The presidents of the USA, Donald Trump; of Mexico, Enrique Peña Nieto and the Prime Minister of Canada, Justin Trudeau signed the new trade agreement for North America in Buenos Aires.
"Canada, the US and Mexico are ready for a new stage for their shared history," said the Mexican president in the declaration prior to the signing of the Mexico-US-Canada Treaty (T-MEC) in the framework of summit meetings from the group of 20 industrialized and emerging countries (G20).
The agreement that cost hard negotiations was finally signed and will be reviewed every six years.
The T-MEC must be ratified throughout 2019 by the US House of Representatives, where the opposition Democratic Party is the majority, the parliament of Canada under the control of the Trudeau party, and the Mexican Senate with a majority of the nationalist left of the president-elect, Andrés Manuel López Obrador.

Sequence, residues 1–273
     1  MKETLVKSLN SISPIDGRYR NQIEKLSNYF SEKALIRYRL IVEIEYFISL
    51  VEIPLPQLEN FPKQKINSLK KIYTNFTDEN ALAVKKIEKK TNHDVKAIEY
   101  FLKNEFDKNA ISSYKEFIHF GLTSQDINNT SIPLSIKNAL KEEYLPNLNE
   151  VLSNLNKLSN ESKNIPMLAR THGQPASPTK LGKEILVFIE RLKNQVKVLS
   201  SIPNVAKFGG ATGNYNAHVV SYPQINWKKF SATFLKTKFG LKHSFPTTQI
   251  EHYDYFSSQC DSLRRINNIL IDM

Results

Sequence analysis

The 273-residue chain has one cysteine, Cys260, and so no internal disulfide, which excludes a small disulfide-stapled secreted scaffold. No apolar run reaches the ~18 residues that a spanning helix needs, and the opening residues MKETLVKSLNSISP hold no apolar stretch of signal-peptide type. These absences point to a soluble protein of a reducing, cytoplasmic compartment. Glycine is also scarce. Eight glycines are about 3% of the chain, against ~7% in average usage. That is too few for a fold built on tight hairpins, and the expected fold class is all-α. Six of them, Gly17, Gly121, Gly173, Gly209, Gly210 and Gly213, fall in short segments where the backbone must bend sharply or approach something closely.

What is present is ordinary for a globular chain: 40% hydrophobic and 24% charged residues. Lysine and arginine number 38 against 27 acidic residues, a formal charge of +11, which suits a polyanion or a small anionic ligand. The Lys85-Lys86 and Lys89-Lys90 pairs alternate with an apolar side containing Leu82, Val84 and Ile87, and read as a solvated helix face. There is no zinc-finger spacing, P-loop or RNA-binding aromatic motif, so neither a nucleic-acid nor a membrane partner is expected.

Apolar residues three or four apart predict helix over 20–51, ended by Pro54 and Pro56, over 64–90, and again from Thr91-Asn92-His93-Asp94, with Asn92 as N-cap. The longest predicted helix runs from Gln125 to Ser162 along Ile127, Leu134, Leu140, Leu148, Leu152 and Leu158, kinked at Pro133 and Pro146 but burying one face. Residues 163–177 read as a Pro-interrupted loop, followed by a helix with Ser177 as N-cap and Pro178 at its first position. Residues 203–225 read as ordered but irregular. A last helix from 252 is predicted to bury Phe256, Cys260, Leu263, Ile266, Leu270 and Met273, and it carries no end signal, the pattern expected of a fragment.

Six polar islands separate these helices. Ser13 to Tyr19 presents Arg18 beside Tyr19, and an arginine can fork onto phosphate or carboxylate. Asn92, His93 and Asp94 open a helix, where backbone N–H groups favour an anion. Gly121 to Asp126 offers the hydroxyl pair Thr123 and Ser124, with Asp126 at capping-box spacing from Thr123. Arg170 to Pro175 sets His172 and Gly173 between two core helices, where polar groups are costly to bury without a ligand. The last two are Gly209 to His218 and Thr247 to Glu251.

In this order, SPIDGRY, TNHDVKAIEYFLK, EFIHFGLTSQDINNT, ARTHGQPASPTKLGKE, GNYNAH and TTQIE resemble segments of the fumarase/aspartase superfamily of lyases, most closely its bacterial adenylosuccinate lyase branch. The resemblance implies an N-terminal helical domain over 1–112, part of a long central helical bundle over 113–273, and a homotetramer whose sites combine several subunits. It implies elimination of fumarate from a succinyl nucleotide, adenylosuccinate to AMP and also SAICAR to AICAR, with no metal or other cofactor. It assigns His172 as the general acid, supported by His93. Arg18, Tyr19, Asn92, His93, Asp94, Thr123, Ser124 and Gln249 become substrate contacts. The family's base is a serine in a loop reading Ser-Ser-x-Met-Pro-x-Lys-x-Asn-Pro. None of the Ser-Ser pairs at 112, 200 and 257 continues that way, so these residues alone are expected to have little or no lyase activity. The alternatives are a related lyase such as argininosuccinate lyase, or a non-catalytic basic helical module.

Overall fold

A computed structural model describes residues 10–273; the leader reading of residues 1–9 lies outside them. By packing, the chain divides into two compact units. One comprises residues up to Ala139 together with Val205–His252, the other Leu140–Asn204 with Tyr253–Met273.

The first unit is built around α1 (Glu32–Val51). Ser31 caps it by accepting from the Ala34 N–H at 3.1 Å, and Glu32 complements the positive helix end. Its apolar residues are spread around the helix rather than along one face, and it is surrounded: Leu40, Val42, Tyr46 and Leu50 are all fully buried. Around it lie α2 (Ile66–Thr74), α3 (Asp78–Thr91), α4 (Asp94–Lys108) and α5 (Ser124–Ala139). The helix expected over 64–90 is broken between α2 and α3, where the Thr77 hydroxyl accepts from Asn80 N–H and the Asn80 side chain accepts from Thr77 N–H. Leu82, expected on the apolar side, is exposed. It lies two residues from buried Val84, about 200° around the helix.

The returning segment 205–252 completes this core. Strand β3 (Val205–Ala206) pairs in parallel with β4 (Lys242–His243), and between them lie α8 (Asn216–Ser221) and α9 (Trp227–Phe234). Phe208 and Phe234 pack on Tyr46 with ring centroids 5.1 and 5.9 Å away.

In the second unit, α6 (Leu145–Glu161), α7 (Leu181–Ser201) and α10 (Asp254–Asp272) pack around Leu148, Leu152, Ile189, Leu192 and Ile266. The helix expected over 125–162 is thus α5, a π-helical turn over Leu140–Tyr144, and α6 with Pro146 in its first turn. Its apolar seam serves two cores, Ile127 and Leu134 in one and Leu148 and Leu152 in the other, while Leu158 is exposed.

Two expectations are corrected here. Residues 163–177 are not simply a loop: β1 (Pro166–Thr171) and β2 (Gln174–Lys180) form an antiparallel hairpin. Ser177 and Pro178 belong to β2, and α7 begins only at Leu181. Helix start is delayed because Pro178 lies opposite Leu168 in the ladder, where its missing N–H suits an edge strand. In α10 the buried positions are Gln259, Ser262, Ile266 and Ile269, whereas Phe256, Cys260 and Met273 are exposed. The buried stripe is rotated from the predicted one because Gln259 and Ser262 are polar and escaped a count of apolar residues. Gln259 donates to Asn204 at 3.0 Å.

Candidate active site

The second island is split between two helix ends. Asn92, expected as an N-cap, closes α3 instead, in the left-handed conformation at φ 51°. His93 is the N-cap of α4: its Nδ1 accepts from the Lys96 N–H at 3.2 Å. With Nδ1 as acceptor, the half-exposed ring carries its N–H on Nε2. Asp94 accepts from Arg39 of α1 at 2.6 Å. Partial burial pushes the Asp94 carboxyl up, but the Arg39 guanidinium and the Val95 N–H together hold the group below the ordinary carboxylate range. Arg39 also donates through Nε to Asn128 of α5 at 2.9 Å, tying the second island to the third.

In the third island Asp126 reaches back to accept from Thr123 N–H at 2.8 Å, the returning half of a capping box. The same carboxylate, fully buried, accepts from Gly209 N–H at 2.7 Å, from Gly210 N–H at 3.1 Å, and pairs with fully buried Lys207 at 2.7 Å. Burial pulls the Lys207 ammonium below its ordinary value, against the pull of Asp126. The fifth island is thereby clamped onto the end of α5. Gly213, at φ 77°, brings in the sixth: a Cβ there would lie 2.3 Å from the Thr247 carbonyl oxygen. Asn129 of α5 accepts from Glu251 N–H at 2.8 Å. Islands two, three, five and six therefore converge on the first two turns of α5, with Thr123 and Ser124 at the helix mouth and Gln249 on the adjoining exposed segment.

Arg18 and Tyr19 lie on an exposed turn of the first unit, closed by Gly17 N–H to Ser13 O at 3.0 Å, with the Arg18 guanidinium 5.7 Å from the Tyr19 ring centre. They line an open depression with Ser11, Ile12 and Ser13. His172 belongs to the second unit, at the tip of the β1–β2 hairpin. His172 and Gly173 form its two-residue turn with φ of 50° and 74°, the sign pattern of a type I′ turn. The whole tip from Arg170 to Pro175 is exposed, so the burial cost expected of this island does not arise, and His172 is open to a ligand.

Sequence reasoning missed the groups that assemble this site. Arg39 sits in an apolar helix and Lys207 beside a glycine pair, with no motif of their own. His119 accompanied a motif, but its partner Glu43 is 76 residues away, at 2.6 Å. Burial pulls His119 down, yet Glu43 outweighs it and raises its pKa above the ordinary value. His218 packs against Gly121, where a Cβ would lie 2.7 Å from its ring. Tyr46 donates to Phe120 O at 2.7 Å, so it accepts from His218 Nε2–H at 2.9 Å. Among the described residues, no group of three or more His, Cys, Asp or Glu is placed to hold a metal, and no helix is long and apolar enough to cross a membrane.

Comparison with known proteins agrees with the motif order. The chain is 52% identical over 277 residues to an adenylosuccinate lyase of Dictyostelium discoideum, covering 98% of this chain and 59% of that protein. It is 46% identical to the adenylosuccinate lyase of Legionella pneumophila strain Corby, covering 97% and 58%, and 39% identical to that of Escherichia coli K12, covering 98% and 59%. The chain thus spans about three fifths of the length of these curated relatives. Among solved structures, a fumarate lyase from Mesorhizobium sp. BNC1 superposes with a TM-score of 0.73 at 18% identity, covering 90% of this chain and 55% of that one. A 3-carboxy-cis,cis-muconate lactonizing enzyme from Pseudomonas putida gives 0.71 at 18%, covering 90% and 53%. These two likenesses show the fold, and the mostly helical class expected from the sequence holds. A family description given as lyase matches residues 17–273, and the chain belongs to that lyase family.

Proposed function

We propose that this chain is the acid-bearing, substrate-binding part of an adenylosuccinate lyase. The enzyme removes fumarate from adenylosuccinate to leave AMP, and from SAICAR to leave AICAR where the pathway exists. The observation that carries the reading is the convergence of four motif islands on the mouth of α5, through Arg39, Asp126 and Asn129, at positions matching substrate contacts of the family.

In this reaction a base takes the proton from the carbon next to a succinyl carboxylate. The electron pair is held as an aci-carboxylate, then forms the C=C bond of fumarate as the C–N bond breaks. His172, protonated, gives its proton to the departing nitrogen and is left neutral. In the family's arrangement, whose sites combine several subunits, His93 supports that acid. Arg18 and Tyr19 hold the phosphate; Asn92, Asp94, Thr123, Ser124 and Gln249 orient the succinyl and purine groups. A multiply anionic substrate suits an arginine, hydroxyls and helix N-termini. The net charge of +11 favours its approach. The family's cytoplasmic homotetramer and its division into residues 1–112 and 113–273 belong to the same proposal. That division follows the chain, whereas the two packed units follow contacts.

On September 30, in a joint statement, the Foreign Minister of Canada, Chrystia Freeland, and the US Foreign Trade Representative, Robert Lighthizer, announced the new trilateral agreement between the US, Canada and Mexico, called USMCA (by the acronym in English of the three countries) or T-MEC.
This agreement will replace the North American Free Trade Agreement (NAFTA), also known as NAFTA, in force since 1994.
The most critical points of the discussions were the US tariffs on steel and aluminum and the Mexican auto industry.
Trump has applied protectionist policies with all countries, which has led to a trade war with China.